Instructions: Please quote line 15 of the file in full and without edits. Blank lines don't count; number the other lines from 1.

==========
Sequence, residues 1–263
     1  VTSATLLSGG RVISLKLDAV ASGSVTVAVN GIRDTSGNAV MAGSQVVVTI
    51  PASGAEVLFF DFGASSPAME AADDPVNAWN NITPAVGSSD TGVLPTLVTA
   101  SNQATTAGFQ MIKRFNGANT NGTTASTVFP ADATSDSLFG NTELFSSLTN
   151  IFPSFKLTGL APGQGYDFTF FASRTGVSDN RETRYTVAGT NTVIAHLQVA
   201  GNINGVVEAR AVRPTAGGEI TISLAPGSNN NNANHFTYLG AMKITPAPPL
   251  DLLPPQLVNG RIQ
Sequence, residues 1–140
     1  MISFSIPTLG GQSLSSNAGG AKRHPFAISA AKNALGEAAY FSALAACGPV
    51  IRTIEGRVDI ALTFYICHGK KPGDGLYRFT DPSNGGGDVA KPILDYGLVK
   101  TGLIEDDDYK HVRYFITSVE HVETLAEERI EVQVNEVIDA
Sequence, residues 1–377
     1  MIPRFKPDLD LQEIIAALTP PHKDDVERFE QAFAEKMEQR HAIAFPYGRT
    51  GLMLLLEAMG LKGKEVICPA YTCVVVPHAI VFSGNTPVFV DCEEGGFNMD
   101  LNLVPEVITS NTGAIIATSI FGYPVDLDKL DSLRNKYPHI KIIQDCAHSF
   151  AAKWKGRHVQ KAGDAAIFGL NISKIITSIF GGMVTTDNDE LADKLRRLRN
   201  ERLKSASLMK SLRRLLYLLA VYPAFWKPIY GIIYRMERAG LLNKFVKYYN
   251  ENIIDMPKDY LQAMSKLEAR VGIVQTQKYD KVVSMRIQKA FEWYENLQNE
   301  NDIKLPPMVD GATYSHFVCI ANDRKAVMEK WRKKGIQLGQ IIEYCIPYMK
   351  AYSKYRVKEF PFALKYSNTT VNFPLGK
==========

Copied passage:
   101  LNLVPEVITS NTGAIIATSI FGYPVDLDKL DSLRNKYPHI KIIQDCAHSF